“You want to keep the culture in mind, but at the same time you don’t want to assume anything about that student or that family because of the culture that they are coming from.” (Counselor)
This module addresses the role of cultural considerations in supporting children and families in the aftermath of a death. Each culture has its own traditions, rituals, and practices when a family member dies. The overall goal is to bring a general sensitivity to the unique needs of a specific grieving child and their family in the context of their identified culture.
There are real differences between cultures in practices and rituals when a family member dies. However, the fundamental experience of grief is universal. Rather than attempting to gain knowledge about every culture, educators can work toward a general sensitivity about how children and families cope with loss. If you are able to be empathetic, thoughtful, sensitive, and supportive to children in one culture, chances are quite good that you will be able to help children of another culture as well.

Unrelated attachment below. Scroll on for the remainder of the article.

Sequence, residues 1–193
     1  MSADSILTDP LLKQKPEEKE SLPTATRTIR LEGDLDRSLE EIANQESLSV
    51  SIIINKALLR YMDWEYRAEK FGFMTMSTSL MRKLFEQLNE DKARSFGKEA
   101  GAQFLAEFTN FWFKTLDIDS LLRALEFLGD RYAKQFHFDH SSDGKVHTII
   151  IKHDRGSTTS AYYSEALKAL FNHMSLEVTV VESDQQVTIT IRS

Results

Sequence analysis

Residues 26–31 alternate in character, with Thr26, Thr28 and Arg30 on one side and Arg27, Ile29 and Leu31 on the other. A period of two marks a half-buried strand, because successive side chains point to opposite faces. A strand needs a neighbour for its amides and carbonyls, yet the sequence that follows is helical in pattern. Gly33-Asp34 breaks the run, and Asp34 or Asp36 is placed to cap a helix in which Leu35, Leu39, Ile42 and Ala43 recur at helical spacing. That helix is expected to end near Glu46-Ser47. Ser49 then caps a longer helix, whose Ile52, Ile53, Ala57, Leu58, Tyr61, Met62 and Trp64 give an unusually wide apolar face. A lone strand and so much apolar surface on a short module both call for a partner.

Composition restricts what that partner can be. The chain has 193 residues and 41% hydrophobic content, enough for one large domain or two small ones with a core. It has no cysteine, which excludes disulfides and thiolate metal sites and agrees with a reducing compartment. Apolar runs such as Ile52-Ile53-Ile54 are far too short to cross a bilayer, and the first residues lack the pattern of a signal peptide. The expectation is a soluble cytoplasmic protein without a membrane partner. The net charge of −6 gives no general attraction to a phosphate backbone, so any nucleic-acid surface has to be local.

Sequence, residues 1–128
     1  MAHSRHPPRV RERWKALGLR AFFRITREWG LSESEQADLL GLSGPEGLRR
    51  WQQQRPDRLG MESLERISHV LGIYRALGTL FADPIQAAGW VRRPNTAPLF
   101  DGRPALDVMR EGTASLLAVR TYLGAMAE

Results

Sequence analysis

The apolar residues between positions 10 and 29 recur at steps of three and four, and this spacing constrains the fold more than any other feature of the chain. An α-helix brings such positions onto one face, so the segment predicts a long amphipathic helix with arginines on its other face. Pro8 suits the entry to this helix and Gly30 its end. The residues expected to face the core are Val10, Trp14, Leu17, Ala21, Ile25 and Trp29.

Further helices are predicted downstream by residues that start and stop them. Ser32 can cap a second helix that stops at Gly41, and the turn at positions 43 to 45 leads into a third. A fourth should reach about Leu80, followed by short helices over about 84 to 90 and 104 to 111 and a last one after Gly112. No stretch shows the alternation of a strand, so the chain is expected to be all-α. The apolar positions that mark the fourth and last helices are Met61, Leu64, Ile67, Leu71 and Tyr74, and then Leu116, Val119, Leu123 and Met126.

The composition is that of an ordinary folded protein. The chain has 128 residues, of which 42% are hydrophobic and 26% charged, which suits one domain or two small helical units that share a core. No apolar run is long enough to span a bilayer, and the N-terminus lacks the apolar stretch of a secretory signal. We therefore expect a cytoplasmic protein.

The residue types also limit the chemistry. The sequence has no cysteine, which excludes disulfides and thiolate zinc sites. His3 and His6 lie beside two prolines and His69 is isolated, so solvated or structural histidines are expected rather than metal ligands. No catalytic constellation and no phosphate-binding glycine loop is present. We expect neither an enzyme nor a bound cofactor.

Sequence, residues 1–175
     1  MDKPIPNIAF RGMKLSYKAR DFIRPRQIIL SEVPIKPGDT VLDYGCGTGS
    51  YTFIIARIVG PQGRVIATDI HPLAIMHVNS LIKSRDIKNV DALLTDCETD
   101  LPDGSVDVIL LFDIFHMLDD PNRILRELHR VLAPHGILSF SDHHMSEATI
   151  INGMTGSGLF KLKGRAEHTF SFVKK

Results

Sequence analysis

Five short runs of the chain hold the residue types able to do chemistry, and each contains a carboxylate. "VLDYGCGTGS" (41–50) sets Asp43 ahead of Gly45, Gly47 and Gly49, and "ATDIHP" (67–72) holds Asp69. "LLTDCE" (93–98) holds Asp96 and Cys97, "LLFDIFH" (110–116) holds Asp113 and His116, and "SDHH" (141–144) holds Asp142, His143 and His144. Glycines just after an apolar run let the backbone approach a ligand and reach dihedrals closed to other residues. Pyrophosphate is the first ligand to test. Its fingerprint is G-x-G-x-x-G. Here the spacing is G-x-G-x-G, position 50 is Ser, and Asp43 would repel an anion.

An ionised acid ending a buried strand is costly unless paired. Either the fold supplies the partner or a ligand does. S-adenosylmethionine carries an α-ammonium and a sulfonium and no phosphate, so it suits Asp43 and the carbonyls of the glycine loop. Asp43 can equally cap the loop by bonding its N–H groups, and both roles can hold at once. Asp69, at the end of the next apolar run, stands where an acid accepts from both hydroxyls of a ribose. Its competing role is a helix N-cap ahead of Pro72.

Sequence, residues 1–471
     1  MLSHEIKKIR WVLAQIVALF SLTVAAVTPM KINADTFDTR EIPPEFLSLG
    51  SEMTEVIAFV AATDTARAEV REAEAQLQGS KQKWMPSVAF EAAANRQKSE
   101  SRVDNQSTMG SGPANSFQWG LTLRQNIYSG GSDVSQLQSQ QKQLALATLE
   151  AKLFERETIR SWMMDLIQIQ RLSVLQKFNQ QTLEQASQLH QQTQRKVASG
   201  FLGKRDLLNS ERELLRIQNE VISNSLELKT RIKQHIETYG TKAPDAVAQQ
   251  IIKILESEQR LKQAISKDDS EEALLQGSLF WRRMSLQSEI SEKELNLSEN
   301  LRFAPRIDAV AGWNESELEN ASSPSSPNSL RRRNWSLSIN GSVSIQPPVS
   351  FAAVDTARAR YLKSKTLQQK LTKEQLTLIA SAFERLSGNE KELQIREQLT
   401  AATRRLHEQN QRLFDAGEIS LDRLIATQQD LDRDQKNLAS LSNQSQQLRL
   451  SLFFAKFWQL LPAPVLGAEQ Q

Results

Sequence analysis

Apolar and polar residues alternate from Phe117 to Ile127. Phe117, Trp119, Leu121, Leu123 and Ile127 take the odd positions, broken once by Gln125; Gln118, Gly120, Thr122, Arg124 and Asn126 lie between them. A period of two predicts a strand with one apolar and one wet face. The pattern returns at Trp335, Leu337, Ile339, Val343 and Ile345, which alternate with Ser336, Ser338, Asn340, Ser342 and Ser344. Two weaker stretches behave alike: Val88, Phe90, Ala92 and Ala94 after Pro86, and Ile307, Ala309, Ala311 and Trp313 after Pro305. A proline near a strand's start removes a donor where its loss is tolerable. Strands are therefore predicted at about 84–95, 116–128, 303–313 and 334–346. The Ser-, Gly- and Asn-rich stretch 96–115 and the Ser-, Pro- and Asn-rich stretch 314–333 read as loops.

Ask questions when you are unsure what would be most helpful for a family or individual (“Can you help me understand how I can best be of help to you and your family?”). Remember, even if you know about the common practices of a culture, this may not predict how a particular person or family in that culture will behave after a death. Many families blend traditions of several cultures.
Most importantly, be present and authentic. Approach the family with an open mind and heart, and be guided by their responses.